In his article “Neurodiversity, Quality Of Life, And Autistic Adults: Shifting Research And Professional Focuses Onto Real-Life Challenges,” Michael Robertson begins by describing how, since the first diagnosis, autism has been characterized as a deficit – being autistic means something is missing – instead of an example of the diversity in human neurology. He states that “Academic studies adopting the deficit model have sometimes even characterized relative strengths of autistic people as deficits.” Majority of the article focuses on Shalock’s eight core domains of quality of life (self-determination, social inclusion, material well-being, interpersonal relations, rights, and physical well-being), and discusses the presence of each in autistic lives. Robertson concludes that research and the appropriation of adequate resources are needed to improve autistic lives. He lists purrent organizations and what they are researching, and ends by stating that more funding is necessary to end the deficit model of autism.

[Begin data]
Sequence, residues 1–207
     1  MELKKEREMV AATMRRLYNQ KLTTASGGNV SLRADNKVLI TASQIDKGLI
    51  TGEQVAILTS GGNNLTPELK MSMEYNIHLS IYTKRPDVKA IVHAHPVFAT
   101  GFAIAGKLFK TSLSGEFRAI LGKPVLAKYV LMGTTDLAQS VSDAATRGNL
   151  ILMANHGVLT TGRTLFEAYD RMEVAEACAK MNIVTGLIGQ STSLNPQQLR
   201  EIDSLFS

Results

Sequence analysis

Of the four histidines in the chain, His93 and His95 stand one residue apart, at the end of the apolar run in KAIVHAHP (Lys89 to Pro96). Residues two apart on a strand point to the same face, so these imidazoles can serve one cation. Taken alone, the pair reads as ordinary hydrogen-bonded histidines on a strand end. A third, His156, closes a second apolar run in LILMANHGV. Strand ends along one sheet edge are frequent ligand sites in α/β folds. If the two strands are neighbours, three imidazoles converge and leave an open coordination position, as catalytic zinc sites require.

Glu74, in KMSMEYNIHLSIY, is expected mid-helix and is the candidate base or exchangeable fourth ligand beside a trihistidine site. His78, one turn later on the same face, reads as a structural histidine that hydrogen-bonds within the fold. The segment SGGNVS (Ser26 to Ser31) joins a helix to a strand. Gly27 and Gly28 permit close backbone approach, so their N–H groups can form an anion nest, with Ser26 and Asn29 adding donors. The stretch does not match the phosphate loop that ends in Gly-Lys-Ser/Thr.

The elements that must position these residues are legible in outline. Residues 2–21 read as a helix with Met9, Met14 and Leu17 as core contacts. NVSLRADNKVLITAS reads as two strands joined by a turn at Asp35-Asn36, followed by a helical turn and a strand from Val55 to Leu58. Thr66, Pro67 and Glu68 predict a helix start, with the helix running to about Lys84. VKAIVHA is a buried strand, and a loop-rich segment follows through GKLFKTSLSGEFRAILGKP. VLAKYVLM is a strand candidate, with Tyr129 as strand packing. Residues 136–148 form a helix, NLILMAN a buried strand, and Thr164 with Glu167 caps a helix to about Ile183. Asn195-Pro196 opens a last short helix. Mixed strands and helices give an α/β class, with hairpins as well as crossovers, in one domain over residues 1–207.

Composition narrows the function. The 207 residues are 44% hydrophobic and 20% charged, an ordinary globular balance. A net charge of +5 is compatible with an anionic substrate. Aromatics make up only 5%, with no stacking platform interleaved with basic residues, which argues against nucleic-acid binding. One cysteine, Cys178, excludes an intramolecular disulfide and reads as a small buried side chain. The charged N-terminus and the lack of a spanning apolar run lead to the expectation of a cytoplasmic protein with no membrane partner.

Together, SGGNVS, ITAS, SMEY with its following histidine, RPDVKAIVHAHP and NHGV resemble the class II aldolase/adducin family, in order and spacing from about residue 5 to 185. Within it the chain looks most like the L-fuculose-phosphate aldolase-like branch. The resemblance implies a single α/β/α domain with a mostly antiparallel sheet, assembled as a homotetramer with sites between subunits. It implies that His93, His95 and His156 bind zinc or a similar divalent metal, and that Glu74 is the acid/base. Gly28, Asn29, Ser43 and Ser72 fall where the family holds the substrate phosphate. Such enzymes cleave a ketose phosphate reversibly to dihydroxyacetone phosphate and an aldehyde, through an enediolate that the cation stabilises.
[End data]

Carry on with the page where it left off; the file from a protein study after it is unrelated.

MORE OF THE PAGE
This article focuses on adult autistic happiness and well-being, something not often seen in modern mass media. Frequently, autists are portrayed as children, with ads appealing to their neurotypical parents or the general public. I believe that the source of this trend is directly related to Robertson’s description of the deficit model of autism. If autistic adults are through of as deficient in integral ways, organizations with this view would not want to waste resources appealing to this audience. From their view, autists cannot talk, can hardly control motor functions, cannot live on their own – they are essentially children, and children do not get to say what is best for them; their parents do. This viewpoint is extremely narrowminded – not to mention an inaccurate representation of the mental capacities of many autistic individuals. In a world with increasing acceptance of diversity, autists of all ages and capabilities need to be accepted for who they are – incredible examples of the diversity of mankind.